A glass of wine a week while pregnant does no harm. I'll drink to that!
'It's fine to have a glass of champers now and then when you're pregnant. Go on, you've got a reason to celebrate!'
'Don't touch a drop of booze when you're pregnant - unless you want to harm your defenceless unborn child.'
'Four months old is the ideal time to start a baby on solids. Open wide, baby!'
'Solids should not be introduced until a child reaches six months of age. Do you want your child to choke?'
Sigh. If there's one thing guaranteed to exasperate an expectant mum it has to be the constant shifting of goalposts and and conflicting advice from experts on matters pertaining to the health of a pregnant woman and her child.
Research published in the Journal of Epidemiology and Community Health this week concluded that drinking lightly during pregnancy does no harm. But that's not what the Government says - current guidelines advise that women who are pregnant or trying to get pregnant should not drink any alcohol at all.
The study questioned the mothers of a sample of over 11,000 children born between September 2000 and January 2002 about their drinking habits during pregnancy. According to the results, 5-year-olds whose mothers drank lightly (that's 1-2 units per week) during pregnancy showed no signs of any ill-effects.
Women who had been heavy drinkers during pregnancy were more likely to have hyperactive children than those who abstained but the children of woman who drank lightly were 30% less likely to have such problems than those of women who were tee-total throughout pregnancy. In other words the odd glass of wine seems to be better than abstaining altogether, but moderate to heavy drinking with a baby on board is still a bad idea. Of course, mums who can afford a glass or two of wine per week might well be wealthier than those who abstain, and the study took that into account.
I can't help cringing when research like this hits the news. When I was pregnant with my sons, now four and five, Government guidelines suggested that light drinking during pregnancy was fine. On that basis - and because a glass of Rioja and a bubble bath was about the most fun I could manage whilst growing a human - I indulged in the odd glass of wine each week. Bad mummy, because less than a year after my second child was born the Government revised its guidelines and doomed me to a lifetime of wondering if my children are one day going to grow a second head or demonstrate some hitherto unnoticed side-effect of my selfish wine-drinking ways. So this study helped me breath a sigh of relief. In fact, I felt positively vindicated by the results. And I'm not the only one.
Mum of two Catherine Cooper says she had the odd glass of wine throughout both her pregnancies, and took expert advice with a pinch of salt. "To be honest I thought everyone did. Doesn't everyone? I don't think I know anyone who abstained totally."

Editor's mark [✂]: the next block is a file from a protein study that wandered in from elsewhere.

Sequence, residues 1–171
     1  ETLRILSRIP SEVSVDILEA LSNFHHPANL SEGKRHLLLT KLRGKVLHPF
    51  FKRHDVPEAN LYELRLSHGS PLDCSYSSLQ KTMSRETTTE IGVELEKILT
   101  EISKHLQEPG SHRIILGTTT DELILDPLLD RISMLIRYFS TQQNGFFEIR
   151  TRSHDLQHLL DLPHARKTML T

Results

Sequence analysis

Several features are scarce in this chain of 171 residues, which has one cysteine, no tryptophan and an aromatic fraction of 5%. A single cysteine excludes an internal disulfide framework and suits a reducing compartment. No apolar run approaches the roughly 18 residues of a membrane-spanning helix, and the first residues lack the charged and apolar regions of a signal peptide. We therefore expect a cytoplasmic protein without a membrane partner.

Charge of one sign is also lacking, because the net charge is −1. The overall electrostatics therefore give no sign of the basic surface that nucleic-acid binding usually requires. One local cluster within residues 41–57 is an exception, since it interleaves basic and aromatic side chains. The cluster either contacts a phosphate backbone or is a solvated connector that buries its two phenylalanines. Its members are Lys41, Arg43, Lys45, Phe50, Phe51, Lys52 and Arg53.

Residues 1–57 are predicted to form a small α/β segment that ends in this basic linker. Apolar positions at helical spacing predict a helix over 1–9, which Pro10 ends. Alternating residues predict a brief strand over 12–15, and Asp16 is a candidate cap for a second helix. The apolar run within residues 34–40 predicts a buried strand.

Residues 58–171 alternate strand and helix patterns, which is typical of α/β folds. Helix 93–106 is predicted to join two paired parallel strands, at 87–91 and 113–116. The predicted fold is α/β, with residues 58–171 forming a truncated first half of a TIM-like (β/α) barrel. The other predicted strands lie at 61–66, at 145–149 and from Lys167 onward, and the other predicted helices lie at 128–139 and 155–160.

Catherine - meet Johanna Payton, 36, mum of Eliott, 6. Jo was midway through a cocktail at a Mexican restaurant when she suddenly felt a bit strange and put down her glass, thinking 'I might be pregnant!'
"I'd had a miscarriage on our first attempt to get pregnant so I was feeling ultra protective of my pregnancy," she says. "The advice concerning alcohol seemed a bit muddled but when I read that alcohol reaches the baby via the placenta I just thought it was for the absolute best if I stayed off the booze completely. I love a drink, but I rarely drink at home so it wasn't a struggle. I wasn't keen on going to pubs when I was pregnant either - the smoking ban wasn't in effect at that point so it definitely didn't feel like a good environment to be in."
"Eliott was a big, bouncy baby and I was very glad I stayed off the booze, but looking back I don't know if it would have made any difference if I'd had the odd glass of bubbly. It does strike me that some of my friends who drank a bit during their pregnancy have got these amazingly intelligent and advanced kids, whereas Eliott (a bright boy in his own right) was a late bloomer when it came to first words and reading and writing."
"However, not drinking during the pregnancy made me feel brilliant physically and I didn't really miss it at all. I felt so powerless when I had the miscarriage, and my next pregnancy was full of anxiety at first so I felt that abstaining from drink was the least I could do to give my baby every chance of making it through to a full-term delivery."
Catherine says she would pay more attention to Government advice on drinking during pregnancy if she felt there was proper evidence that drinking does real harm - as with current smoking guidelines.
Jo agrees that the conflicting advice is unhelpful to expectant mums. "One minute the odd drink is OK, then it's not. That's why I just decided to bench the booze completely. I think there's enough to worry about when you're pregnant without stressing over whether or not your baby is tipsy in utero."
I couldn't agree more. In my view the constantly conflicting advice concerning consumption of alcohol in pregnancy is damaging for mums and fuels fear and guilt at an already vulnerable point in a woman's life.
What bothers me most of all is the trend towards telling mothers what to do, and the insipid insinuation that we need guidelines handed down from on high because we can't possibly be trusted to listen to our instincts - famously deemed reliable in motherhood. I understand that guidelines have to be one-size-fits-all to accommodate woman from all walks of life but perhaps I'd take such guidance more seriously if it didn't seem to change with the wind.
What do you think?
Are you fed up with moving goalposts when it comes to advice during pregnancy and bringing up your child?